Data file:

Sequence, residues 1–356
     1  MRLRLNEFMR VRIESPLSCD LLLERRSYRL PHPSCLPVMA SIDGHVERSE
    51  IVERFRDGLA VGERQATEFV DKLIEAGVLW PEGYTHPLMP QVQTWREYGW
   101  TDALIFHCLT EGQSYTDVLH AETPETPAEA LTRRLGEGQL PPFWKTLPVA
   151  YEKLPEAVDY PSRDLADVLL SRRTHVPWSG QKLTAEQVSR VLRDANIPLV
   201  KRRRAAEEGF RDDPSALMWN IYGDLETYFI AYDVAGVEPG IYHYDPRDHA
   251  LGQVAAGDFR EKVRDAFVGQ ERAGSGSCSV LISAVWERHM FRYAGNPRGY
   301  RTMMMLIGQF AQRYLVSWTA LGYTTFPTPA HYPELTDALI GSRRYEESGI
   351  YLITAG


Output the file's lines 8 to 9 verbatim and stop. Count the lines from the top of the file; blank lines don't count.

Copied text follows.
   301  RTMMMLIGQF AQRYLVSWTA LGYTTFPTPA HYPELTDALI GSRRYEESGI
   351  YLITAG